[Libre-soc-dev] IIT Roorkee 2021 OpenPOWER Workshop,

Richard Wilbur richard.wilbur at gmail.com
Tue Jul 20 00:40:16 BST 2021

> On Jul 16, 2021, at 22:43, Lauri Kasanen <cand at gmx.com> wrote:
>> On Fri, 16 Jul 2021 10:54:43 -0600
>> Richard Wilbur <richard.wilbur at gmail.com> wrote:
>> I wonder whether we could get an OMI-lite version of the spec. which could still replace our DDR phy, et cetera?
> Businesswise a custom memory standard will not fly. Even if you're only
> making 800Mhz 180nm RAM, it's going to be expensive as hell, limited
> volume, and made only by you. The market will say "lol no".

I think you are correct.  Since the market will laugh at anyone until they dominate the current leader, my goal is to provide an alternative with equal or superior capability and the freedom of libre licenses.  In that I believe my goals align with those of the libre-soc project.

Regarding cost, is there any reason to believe we would need to use a different process or foundry for the RAM chip?  If the same geometry will suffice, we could very likely make a RAM chip for less than the processor because the package should be cheaper—far fewer pins since we’d be using a serial interface.

The same criticism could be leveled against the processor we are working on but our target audience is not initially the general market.  We are courting first the folks who care about freedom and are willing to pay a premium for what they care about.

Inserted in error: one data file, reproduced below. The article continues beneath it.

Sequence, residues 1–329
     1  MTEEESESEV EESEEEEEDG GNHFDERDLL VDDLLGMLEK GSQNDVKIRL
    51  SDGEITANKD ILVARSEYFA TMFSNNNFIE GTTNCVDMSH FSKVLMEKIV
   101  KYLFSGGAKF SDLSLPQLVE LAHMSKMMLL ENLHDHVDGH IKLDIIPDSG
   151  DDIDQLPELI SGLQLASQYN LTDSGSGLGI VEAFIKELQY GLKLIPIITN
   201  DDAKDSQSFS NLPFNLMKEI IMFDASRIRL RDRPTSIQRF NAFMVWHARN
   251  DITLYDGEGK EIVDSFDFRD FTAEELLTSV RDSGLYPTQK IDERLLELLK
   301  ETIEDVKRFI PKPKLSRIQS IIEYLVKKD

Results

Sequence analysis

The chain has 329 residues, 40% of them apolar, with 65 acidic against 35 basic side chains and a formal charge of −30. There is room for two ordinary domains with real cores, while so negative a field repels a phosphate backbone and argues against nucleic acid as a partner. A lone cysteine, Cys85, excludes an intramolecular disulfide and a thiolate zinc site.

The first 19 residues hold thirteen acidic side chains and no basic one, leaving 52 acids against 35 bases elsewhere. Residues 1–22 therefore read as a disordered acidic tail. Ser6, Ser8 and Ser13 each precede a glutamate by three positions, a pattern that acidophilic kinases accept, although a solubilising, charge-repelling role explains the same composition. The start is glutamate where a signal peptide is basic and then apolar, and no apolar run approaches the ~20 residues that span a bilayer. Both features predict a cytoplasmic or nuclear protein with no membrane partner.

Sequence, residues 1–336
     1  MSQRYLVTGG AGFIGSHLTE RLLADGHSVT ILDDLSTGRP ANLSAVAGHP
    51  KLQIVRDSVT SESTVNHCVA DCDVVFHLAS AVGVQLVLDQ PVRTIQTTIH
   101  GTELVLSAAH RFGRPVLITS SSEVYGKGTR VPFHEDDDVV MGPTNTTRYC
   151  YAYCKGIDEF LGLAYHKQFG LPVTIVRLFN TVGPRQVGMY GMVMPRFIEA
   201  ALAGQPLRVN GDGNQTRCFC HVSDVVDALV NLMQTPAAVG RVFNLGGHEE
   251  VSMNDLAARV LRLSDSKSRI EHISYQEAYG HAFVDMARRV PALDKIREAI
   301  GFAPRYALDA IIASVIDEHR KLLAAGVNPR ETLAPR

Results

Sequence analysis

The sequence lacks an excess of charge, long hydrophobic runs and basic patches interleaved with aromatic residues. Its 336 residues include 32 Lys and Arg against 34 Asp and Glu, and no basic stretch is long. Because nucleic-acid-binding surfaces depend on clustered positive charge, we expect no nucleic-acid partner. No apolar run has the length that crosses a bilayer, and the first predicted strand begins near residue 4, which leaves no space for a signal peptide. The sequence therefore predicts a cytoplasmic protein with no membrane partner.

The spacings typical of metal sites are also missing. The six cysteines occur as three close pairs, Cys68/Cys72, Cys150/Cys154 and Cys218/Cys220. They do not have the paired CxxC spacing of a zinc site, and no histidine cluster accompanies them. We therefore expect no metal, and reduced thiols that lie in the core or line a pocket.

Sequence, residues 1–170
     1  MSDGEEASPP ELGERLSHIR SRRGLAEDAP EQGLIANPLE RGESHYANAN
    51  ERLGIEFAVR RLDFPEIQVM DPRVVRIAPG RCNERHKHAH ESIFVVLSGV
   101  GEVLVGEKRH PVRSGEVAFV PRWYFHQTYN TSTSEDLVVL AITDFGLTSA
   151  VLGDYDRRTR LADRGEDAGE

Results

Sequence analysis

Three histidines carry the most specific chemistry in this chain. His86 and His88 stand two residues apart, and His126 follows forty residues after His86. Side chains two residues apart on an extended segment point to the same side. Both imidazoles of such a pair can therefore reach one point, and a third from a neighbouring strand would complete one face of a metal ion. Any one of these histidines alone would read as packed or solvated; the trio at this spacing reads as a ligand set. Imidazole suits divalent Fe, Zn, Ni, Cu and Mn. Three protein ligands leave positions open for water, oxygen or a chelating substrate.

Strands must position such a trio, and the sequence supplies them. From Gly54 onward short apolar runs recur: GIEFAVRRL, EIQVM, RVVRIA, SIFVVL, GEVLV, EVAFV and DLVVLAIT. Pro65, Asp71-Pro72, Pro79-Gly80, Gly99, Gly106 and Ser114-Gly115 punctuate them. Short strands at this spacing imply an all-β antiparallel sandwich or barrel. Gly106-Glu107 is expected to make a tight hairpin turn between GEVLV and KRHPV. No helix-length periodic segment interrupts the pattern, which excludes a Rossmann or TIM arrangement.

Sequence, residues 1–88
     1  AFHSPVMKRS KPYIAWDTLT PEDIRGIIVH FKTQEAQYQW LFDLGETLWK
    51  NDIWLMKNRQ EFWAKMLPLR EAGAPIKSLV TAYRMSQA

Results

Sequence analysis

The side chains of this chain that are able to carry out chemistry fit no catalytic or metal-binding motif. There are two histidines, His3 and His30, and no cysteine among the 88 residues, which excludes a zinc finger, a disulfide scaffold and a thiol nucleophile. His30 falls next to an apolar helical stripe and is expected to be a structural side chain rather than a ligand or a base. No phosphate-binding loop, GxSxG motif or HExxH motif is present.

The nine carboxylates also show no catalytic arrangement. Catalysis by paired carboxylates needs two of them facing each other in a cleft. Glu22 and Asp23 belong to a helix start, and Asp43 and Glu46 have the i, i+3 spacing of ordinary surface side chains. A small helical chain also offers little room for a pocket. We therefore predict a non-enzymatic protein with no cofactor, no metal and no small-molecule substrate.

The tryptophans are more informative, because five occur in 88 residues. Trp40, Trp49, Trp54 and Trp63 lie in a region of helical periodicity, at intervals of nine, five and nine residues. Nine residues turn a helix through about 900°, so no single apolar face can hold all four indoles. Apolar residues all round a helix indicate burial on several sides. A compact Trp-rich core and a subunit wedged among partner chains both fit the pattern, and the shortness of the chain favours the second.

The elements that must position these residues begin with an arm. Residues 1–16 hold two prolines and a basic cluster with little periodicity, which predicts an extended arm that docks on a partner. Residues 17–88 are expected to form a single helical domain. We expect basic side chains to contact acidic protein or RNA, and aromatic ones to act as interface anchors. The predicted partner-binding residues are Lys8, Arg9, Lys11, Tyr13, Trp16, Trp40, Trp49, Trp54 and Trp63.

> RAM is only cheap because of the vast volumes. Even the OMI RAM is
> going to be expensive, made only at a single place, hard to order...
> And that's with IBM's order volumes.

I agree.  The advantage of OMI technically is that the capability for easy expansion, high bandwidth, and low latency significantly outstrips all the alternatives.[*]  Hence to maximize the system capabilities for a system with a processor that offers OMI, the integrator will be willing to pay a premium and endure some acquisition headaches.

The chip area required to implement the processor side of OMI is 3.5x smaller than that for DDR4.  The signaling is 16 serial differential simplex lines rather than 64 parallel single-ended duplex lines:
1. a good high frequency design should be easier using differential lines than single-ended lines—differential pairs are great for signal quality and limiting RF radiation and susceptibility, fewer issues with crosstalk,
2. 16 differential pairs will be 32 traces which is half as many wires as the 64 single-ended lines needed for DDR4—less space required on the motherboard, fewer pins required of the processor,
3.  simplex lines don’t incur the latency of driver handoff—bus turn-around time is an issue for duplex signals.


[*]  https://objective-analysis.com/uploads/2021-04-18%20Objective%20Analysis%20White%20Paper%20%E2%80%93%20The%20Future%20of%20Low-Latency%20Memory.pdf

More information about the Libre-soc-dev mailing list